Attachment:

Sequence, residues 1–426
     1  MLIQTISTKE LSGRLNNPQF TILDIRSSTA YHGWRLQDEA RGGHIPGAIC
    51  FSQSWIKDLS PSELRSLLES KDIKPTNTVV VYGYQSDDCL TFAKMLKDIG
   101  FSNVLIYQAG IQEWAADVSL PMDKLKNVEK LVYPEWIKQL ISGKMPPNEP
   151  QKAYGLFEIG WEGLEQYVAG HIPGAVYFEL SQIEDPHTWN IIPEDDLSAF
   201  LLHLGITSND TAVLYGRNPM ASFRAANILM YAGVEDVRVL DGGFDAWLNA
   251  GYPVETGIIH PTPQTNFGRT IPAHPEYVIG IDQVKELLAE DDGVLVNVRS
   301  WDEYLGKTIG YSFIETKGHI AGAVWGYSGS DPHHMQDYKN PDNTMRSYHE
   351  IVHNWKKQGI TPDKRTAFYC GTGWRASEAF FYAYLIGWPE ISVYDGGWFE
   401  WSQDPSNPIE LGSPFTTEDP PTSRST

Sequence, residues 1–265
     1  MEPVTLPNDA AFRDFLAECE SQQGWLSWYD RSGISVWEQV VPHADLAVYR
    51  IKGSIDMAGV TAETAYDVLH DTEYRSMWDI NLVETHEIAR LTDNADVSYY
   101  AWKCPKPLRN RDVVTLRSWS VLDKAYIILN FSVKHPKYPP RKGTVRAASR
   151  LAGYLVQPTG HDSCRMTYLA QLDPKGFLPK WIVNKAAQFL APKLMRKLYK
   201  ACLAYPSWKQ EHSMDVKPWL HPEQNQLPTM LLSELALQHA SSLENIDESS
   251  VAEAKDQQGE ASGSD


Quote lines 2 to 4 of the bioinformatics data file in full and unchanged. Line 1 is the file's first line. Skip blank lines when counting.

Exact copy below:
     1  MLIQTISTKE LSGRLNNPQF TILDIRSSTA YHGWRLQDEA RGGHIPGAIC
    51  FSQSWIKDLS PSELRSLLES KDIKPTNTVV VYGYQSDDCL TFAKMLKDIG
   101  FSNVLIYQAG IQEWAADVSL PMDKLKNVEK LVYPEWIKQL ISGKMPPNEP